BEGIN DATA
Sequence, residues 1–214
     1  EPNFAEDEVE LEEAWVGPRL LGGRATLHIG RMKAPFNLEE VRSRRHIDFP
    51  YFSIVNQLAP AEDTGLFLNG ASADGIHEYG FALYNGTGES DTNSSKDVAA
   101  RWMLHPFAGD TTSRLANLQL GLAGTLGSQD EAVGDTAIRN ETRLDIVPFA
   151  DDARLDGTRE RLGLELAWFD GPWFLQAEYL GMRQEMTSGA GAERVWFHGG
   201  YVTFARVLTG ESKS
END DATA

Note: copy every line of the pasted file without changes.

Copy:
Sequence, residues 1–214
     1  EPNFAEDEVE LEEAWVGPRL LGGRATLHIG RMKAPFNLEE VRSRRHIDFP
    51  YFSIVNQLAP AEDTGLFLNG ASADGIHEYG FALYNGTGES DTNSSKDVAA
   101  RWMLHPFAGD TTSRLANLQL GLAGTLGSQD EAVGDTAIRN ETRLDIVPFA
   151  DDARLDGTRE RLGLELAWFD GPWFLQAEYL GMRQEMTSGA GAERVWFHGG
   201  YVTFARVLTG ESKS